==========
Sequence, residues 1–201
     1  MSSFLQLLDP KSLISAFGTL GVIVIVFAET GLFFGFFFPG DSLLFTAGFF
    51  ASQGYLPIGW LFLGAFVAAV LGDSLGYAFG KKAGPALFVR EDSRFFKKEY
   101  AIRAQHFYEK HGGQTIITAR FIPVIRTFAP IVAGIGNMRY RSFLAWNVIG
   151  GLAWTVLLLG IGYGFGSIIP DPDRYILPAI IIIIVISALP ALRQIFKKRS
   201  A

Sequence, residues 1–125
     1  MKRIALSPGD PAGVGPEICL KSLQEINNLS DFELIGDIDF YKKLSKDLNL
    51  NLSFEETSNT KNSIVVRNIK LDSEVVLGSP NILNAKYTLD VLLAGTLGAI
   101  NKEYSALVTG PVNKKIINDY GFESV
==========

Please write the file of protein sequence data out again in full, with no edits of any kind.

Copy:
Sequence, residues 1–201
     1  MSSFLQLLDP KSLISAFGTL GVIVIVFAET GLFFGFFFPG DSLLFTAGFF
    51  ASQGYLPIGW LFLGAFVAAV LGDSLGYAFG KKAGPALFVR EDSRFFKKEY
   101  AIRAQHFYEK HGGQTIITAR FIPVIRTFAP IVAGIGNMRY RSFLAWNVIG
   151  GLAWTVLLLG IGYGFGSIIP DPDRYILPAI IIIIVISALP ALRQIFKKRS
   201  A

Sequence, residues 1–125
     1  MKRIALSPGD PAGVGPEICL KSLQEINNLS DFELIGDIDF YKKLSKDLNL
    51  NLSFEETSNT KNSIVVRNIK LDSEVVLGSP NILNAKYTLD VLLAGTLGAI
   101  NKEYSALVTG PVNKKIINDY GFESV